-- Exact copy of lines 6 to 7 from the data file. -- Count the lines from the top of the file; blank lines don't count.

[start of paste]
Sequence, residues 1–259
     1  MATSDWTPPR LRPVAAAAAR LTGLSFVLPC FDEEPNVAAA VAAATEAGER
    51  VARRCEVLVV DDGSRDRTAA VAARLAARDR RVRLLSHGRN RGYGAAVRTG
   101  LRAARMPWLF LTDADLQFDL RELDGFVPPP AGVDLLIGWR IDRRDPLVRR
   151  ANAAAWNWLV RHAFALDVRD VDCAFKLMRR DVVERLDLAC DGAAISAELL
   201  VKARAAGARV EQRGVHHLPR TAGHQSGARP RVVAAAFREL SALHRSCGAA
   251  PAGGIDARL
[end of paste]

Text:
   201  VKARAAGARV EQRGVHHLPR TAGHQSGARP RVVAAAFREL SALHRSCGAA
   251  PAGGIDARL